Jason saw the silvery ribbon of Whit Brook as it flowed through the craggy landscape below. He followed it with his gaze for perhaps five or six miles to the northeast, where it issued from the gap between a pair of dark mountains. Those mountains, Jason knew, marked the southern end of Minton Pass. Beyond them lay Waan. The town of Minton, he presumed, was hidden behind the pine-topped ridge to his left. 

Woods covered the hillsides, but the low ground was in pasture. When Jason dropped his eyes to the grassy lowlands, he saw movement. It was as if ivory-colored gnats were swarming southward. Jason perceived that the gnats were distant sheep. The sheep ran in ragged mobs, but their numbers dwindled as the rearmost vanished into a flood of advancing cavalry. Riders surged down Minton Pass from Waan, spreading out through the valleys like meltwater in spring.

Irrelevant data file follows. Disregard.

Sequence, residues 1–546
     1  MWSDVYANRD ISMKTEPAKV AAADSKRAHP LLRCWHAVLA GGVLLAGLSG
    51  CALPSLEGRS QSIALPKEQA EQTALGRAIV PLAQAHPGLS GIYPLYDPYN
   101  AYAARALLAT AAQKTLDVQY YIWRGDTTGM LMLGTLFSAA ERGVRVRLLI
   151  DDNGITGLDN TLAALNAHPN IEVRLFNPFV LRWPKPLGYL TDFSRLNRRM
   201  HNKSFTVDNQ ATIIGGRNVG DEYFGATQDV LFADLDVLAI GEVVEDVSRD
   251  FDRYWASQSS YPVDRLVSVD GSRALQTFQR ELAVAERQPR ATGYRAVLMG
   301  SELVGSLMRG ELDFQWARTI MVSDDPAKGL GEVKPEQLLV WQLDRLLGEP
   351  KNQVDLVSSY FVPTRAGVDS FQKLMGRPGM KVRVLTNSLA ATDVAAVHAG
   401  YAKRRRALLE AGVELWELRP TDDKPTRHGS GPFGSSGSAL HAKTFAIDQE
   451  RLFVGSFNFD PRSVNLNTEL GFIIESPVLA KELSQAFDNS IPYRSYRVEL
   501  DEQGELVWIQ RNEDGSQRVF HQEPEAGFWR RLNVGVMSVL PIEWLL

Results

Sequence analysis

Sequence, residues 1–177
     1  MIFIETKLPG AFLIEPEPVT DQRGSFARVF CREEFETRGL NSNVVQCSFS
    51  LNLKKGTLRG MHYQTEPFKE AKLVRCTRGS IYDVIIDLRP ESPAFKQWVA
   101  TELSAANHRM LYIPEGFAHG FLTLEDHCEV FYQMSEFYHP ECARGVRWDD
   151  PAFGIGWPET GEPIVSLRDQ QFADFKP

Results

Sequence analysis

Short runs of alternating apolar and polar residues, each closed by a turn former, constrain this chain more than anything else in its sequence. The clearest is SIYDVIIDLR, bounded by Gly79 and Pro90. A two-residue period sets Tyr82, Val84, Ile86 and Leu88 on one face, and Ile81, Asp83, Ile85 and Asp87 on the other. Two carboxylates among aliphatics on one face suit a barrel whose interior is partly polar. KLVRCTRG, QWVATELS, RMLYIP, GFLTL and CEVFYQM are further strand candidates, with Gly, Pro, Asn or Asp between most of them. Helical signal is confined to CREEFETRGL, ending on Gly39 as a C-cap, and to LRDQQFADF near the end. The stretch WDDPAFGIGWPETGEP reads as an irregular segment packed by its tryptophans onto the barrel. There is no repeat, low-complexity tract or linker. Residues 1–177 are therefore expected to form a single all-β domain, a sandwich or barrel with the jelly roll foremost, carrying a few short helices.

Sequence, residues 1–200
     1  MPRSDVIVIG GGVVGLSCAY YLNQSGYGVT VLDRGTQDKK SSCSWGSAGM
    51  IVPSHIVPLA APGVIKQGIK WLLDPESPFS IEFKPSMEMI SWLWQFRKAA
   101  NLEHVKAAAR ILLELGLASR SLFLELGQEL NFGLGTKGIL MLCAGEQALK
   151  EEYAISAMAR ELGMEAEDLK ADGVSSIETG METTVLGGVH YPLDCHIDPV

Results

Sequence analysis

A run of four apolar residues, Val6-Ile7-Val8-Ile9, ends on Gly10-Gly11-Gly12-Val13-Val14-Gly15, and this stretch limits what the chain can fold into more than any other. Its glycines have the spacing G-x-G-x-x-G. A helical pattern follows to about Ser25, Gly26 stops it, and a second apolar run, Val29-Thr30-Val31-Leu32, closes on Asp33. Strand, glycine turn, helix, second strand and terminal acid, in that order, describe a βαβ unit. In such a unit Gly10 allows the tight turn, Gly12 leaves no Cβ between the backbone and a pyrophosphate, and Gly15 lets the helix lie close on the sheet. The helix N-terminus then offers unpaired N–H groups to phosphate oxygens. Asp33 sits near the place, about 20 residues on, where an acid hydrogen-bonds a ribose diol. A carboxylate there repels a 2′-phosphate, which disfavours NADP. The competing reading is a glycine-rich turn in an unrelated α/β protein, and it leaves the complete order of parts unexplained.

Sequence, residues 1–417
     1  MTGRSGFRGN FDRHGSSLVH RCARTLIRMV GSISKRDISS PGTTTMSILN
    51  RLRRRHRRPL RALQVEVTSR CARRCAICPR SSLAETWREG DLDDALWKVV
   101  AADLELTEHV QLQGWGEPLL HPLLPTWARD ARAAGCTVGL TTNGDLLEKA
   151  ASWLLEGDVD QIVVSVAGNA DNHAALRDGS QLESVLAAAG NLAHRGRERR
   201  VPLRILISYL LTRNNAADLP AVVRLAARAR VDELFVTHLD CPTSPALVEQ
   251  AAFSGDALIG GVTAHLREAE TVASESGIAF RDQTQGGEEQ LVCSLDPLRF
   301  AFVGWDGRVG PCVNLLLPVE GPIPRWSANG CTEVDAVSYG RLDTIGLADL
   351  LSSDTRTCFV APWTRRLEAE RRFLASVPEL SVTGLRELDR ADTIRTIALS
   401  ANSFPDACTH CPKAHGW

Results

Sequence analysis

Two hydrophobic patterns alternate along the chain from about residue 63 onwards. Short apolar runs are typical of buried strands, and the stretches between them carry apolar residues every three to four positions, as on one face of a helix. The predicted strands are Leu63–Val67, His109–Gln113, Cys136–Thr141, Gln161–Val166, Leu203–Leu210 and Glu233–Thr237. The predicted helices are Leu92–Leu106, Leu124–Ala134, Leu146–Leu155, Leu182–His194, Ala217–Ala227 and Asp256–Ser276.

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Thomas M. Kane is a fantasy author living high on a wooded hilltop. He taught international relations at a British university for close to twenty years and brings his insights concerning real-life war and politics into his fiction. He takes a character-based approach to writing, paying attention to his protagonists' personal relationships and inner lives.

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1 comment:

  1. Huge thanks for supporting the Complete Mara of the League series blog tour!